27th September 2017 - Opening ceremony
17:00 - 17:40OPENING SPEECHES
17:40 - 18:40OPENING LECTURESCare Home Director - A Manager or A Wizard?
Prof. Piotr Błędowski /Poland/A presentation of factors having an impact on the functioning of long-term care institutions and their directors. Vital problems and the possibilities to face the emerging challenges. Institutional support politics and the chances for preventing new problems. Priorities and the hierarchy of goals for both the institution and its manager.
The Role of Care Homes in Society
Michael Kirschner /Switzerland/The only constant in our modern societies is change! How does social and economic change affect the role of care homes in European societies? The presentation outlines different developments in European societies and discusses how they affect the role of care homes in society. Different future scenarios regarding the role of care homes in European societies are presented and discussed.
18:40 - 22:00ARTISTIC EVENING AND BANQUET
28th September 2017
09:00 - 11:00SESSION I: CARE HOME DIRECTOR AND HIS CLIENTSModerator: Jiří Horecký /Czech Republic/
The Client is the King!
Aad Koster /Netherland/As care-providing organisations and care-professionals, are we working for the clients? Or rather, are we working for the insurance company or the (local) government, as it is them who, in most cases, pay the (biggest part of the) costs of the care? In the opinion of Koster, care means working for the clients. He will present his view, explaining what that means for organisations and professionals in the care sector.
Care of Persons with Dementia - an Ethical Context
Iva Holmerová /Czech Republic/Persons with dementia are important clients of residential care. It is estimated that 20-30% persons with dementia in different European countries live in different residential care settings. The presentation will discuss some ethical aspects of care: The importance of timely diagnosis and post-diagnostic support, appropriate information about diagnosis, sharing of information within the care teams etc. The main focus will be on advanced dementia care and its ethical dilemmas.
Care and Services Demands versus the Real Possibilities of the Providers
Sirpa Elisabet Salin /Finland/How to find compromises and solutions with limited human resources and unlimited clients´ wishes – the impact of cultural differences on the care of residents/dependents. Finland is in the middle of profound changes in social and health care. The structures are changing, especially in elderly care. Health care providers need to create a new culture for elderly care. The lecture will concentrate on residents‘ own will, on how and where they want to spend the rest of their life. Many studies have shown that our elders have too many transitions from home to hospital in their last years of life. Many of them spend their final years on wheels. It is the responsibility of the manager to create a care process in which the elder’s, their family’s and the professionals‘ point of views are expressed, and to which all are committed. The manager must also assess the resources and structure of the staff and how the family is included in the caregiving process and the elder’s life.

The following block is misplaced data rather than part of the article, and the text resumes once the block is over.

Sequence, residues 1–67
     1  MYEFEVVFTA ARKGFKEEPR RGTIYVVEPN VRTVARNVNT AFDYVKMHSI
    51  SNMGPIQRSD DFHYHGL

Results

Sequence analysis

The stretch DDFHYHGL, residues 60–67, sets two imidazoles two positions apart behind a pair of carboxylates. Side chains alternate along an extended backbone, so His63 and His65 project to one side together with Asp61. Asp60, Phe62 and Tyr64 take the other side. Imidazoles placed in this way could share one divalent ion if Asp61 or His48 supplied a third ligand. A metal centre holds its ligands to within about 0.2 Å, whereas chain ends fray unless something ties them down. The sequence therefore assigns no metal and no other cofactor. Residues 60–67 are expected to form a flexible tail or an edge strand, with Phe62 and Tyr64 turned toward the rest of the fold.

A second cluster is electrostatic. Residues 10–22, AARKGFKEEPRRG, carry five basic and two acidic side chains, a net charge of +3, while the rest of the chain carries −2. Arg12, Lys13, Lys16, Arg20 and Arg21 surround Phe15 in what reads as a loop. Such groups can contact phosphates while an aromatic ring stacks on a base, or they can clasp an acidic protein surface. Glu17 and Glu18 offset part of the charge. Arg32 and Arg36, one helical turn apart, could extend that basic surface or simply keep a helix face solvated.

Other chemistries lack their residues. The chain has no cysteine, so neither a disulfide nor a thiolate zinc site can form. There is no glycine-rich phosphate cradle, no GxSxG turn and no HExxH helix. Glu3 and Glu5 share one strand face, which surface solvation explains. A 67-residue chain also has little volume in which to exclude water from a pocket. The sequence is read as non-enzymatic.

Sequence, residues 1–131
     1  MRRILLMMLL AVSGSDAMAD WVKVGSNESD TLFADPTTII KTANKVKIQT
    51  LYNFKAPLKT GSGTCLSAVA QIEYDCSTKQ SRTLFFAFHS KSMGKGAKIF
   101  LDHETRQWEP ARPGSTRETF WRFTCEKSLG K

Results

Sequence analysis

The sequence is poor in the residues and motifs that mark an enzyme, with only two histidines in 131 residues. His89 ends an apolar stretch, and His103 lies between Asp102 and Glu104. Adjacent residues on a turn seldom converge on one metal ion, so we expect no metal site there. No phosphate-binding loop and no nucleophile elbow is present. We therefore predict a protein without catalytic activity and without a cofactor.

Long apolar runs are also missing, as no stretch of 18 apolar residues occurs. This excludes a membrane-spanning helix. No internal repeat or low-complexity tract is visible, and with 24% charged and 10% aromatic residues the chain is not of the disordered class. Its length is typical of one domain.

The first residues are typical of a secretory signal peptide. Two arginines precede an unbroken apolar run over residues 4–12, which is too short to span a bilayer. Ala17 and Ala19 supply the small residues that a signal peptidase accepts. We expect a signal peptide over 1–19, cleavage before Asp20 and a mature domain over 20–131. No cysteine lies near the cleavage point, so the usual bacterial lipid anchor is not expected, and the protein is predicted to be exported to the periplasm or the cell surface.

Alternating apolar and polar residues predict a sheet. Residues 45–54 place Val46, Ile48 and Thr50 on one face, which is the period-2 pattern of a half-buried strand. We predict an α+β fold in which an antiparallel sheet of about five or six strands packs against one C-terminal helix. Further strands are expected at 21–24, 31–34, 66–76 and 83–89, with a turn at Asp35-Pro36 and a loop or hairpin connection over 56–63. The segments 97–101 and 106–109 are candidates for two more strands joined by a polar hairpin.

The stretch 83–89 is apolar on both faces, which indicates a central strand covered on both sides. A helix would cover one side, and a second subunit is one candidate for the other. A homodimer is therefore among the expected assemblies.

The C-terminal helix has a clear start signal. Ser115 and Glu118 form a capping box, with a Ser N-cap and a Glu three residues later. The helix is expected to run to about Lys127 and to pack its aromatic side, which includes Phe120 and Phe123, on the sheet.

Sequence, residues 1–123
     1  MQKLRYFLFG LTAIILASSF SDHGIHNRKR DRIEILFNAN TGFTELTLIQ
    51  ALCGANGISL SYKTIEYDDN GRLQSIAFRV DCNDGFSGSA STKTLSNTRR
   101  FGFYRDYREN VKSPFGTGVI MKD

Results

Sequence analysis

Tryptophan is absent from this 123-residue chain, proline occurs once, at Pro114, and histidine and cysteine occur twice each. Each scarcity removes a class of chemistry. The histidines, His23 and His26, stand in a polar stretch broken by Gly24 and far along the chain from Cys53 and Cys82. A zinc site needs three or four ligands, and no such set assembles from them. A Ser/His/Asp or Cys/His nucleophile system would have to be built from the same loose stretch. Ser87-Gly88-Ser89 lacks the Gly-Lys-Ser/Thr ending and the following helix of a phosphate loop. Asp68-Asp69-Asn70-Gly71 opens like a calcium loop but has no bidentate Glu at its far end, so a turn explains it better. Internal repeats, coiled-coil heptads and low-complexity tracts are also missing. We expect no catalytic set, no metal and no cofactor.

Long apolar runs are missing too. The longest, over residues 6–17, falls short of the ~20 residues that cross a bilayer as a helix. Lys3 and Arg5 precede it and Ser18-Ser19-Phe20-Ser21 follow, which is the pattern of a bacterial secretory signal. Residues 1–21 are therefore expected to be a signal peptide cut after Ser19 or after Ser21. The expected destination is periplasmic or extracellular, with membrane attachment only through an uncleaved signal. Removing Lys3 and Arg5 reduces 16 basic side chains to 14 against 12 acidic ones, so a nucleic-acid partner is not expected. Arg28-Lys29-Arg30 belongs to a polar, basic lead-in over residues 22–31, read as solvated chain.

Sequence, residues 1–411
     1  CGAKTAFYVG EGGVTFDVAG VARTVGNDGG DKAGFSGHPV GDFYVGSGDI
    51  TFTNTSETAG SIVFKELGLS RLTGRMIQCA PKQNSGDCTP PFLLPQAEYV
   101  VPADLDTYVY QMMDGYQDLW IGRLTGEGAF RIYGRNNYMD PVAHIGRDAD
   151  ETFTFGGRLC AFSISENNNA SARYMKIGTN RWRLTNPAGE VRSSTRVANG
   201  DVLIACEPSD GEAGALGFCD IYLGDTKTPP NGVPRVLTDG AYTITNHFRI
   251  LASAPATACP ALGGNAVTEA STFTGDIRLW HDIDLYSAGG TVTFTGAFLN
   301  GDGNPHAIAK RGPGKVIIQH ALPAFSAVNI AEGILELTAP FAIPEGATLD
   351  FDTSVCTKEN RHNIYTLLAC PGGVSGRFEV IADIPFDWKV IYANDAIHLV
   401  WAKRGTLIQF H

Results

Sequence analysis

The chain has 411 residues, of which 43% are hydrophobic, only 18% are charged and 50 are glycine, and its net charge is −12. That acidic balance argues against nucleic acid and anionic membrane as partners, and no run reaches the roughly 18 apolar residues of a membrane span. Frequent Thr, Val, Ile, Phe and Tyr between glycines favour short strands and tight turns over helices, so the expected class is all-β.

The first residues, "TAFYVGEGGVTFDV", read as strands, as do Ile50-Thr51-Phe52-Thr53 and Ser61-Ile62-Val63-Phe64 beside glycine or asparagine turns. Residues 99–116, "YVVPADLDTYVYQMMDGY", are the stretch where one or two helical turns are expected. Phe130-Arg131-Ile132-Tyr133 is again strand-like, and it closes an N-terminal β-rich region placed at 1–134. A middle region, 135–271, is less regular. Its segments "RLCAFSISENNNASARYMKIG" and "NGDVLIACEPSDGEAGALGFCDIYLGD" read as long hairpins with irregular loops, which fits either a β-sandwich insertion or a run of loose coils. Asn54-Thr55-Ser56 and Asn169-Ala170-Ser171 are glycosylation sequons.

11:00 - 11:30COFFEE BREAK
11:30 - 13:30SESSION II: CARE HOME DIRECTOR AND HIS STAFFModerator: Jiří Horecký /Czech Republic/
Multidisciplinary Team Culture - Customer/Patient/Client/Human
Matěj Lejsal /Czech Republic/A multidisciplinary team (MDT) approach is mentioned to be one of the most effective and efficient ways of delivering and planning the care. The MDT will develop a unique communication structure and specific strategies for problem and conflict solving. A case study of a successful palliative care implementation into a residential aged care facility will show possible challenges and benefits of the MDT environment. The study provides deeper insight in the outcomes of the MDT approach for residents, as well as the management methods used for different professional cultures and the differences in MDT members‘ competence and effective communication structures.
Happiness Needs Company - The Team Building of Satisfaction